Vets Treat Hundreds of Animals in Kenya

By Michelle Halpin

Kenyan veterinary staff treat a goat during a veterinary civil action program conducted on Manda Island in Kenya. Combined Joint Task Force-Horn of Africa’s 350th Civil Affairs Command, Functional Specialty Team, spearheaded the event, which treated over 400 goats, sheep and dogs at the site. The 350th CACOM FXSP is an Army Reserve unit based in Pensacola, Florida.


MANDA BAY, Kenya (CJTF-HOA) — A Combined Joint Task Force-Horn of Africa civil affairs team worked side by side with host nation veterinarians and other locals to vaccinate and treat more than 400 animals for various ailments during a veterinary civil action program that kicked off on Manda Island in Kenya’s Lamu District.

Members of CJTF-HOA’s 350th Civil Affairs Command, Functional Specialty Team, joined their local partners at a "cattle crush" and attended to 441 goats and sheep and a dozen dogs brought to the VETCAP by local herdsman. All the animals were treated for internal and external parasites and ticks. Additionally, goats and sheep received a dose of multi-vitamins and were treated for blood-borne parasites and contagious caprine pleuropneumonia, which is a major killer of goats in Africa.

The Manda "cattle crush" is the first of several sites the 350th CACOM FXSP and their Kenyan partners visited in the region.

"Yesterday, being the first day of the VETCAP, was our initial opportunity to partner with the Kenyan veterinary staff, the veterinarians and the local technicians. Our goal was to facilitate and to work in a supportive role for them while they actually conducted the vaccination injections. The idea of doing the veterinary work while we were in a supportive role in the background is absolutely what our goal is and what our focus and what our mission is," said Army Capt. Catherine I. Williams, 350th CACOM FXSP lead veterinarian.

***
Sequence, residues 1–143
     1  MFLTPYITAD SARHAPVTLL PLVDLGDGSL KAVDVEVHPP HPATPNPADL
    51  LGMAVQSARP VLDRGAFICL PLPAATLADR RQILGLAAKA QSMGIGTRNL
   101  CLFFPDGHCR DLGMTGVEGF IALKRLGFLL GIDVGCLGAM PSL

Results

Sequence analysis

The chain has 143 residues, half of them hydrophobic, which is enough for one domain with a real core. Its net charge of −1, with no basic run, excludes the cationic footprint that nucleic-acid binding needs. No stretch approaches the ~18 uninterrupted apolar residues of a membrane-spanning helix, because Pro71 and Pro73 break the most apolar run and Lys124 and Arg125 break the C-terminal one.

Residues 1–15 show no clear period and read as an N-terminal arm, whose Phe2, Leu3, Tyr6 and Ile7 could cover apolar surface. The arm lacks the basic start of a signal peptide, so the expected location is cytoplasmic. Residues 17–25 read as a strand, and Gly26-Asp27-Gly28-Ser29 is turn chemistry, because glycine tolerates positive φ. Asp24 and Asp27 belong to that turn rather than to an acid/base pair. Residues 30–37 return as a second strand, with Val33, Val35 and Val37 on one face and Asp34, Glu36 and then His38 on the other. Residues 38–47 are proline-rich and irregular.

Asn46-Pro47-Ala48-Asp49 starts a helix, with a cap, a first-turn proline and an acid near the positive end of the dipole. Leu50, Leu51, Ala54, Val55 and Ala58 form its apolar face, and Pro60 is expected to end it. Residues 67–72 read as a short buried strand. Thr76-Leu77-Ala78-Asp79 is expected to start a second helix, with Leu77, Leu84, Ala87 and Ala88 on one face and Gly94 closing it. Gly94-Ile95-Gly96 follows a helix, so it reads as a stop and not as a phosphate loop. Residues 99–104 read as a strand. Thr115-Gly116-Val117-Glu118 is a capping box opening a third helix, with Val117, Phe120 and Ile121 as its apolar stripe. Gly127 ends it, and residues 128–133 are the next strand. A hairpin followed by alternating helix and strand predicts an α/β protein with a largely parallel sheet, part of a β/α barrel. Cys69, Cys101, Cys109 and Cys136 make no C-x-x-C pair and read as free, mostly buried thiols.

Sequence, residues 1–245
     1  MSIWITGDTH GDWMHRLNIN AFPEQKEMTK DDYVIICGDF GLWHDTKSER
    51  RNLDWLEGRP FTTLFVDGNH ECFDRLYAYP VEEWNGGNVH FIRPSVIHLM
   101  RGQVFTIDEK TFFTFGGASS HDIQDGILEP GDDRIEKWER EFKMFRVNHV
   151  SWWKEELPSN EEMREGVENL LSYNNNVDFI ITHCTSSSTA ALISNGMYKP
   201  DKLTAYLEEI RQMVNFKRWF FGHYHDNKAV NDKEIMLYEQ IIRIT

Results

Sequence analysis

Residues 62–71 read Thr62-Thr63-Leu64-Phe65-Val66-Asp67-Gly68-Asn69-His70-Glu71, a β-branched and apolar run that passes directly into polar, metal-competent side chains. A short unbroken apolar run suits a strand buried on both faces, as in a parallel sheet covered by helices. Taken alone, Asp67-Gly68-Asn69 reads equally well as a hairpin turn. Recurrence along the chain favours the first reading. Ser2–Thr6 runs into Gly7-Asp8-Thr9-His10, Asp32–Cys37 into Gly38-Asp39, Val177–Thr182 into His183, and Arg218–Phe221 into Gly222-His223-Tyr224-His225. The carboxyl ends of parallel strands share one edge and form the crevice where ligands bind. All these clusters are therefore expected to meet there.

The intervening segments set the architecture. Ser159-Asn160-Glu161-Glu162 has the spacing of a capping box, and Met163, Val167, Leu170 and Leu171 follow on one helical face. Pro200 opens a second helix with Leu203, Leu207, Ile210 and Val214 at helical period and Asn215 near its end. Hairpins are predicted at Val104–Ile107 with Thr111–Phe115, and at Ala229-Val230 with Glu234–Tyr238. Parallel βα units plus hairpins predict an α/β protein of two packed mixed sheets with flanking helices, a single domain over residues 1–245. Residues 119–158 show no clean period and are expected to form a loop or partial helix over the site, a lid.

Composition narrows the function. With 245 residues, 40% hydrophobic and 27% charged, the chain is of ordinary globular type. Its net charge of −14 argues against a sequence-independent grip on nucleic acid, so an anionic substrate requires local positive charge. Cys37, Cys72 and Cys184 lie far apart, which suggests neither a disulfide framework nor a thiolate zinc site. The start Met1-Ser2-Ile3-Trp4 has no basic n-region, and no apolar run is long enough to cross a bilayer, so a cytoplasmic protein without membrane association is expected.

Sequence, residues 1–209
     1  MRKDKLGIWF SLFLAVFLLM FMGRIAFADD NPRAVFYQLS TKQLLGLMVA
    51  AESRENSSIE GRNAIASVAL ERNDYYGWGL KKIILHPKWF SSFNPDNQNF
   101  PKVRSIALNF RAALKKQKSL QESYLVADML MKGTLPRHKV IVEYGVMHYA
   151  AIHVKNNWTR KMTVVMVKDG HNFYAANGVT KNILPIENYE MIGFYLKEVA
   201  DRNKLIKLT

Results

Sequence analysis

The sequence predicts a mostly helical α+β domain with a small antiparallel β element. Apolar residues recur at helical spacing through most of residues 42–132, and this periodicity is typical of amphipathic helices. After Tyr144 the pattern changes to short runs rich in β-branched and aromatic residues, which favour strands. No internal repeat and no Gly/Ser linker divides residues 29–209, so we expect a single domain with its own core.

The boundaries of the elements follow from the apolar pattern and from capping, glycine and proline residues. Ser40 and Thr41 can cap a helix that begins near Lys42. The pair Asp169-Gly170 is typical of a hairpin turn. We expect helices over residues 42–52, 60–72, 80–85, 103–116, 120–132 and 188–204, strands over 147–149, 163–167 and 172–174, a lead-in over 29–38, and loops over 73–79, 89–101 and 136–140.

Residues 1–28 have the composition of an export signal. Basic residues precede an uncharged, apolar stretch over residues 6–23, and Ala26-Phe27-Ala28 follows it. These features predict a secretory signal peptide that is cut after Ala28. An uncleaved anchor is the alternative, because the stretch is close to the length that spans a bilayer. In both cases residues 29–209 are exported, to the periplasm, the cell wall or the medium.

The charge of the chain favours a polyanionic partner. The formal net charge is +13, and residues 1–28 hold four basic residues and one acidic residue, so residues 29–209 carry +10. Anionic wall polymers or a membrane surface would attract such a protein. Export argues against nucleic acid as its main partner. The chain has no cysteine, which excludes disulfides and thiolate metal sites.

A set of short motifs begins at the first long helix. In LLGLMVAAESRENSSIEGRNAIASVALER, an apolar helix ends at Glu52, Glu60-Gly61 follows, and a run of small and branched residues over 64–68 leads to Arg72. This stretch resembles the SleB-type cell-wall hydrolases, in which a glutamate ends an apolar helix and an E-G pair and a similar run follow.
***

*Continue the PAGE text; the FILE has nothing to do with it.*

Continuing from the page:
"It was a great first day. We (also) got to work with the Kenya Red Cross and the National Youth Service. They did a great job helping move the goats and working with the animal herdsman. I was really pleased with their [Kenyans] work ethic. They were willing to get in there and get dirty and get the herds run through. I think it’s going to be a great mission," said Army Capt. Karin Hamilton, 350th CACOM FXSP veterinary corps officer.

According to the team, things will get a little more complex at the next VETCAP site.

"We look forward to seeing how the next several days go when we start adding cattle – we start working cattle and chickens and goats at the same time. Yesterday was a fairly slow paced day and I think it was important for us to work out any potential problems and kinks in our system," Williams added.

The VETCAP personnel expect to treat over 20,000 animals during their current mission, where at its peak they expect to take care of over 10,000 animals in a single day.

An Army Reservist and veteran of seven other VETCAPs during this deployment, Williams is a private veterinary practitioner in Fayetteville, Ark., which is also her hometown. She is part of the 7307th Medical Exercise Support Battalion at Fort Sam Houston and is deployed with the 422nd Medical Detachment, currently attached to CJTF-HOA’s 350th CACOM FXSP.

Hamilton is an active duty Soldier deployed from Veterinary Command at Fort Sill, Okla., and claims both Virginia Beach, Va., and South Sutton, N.H., as her hometowns. She recently completed an extensive VETCAP mission in Uganda, where she assisted in the treatment over 30,000 animals.

The mission of CJTF-HOA is to prevent conflict, promote regional stability, and to protect coalition interests in order to prevail against extremism.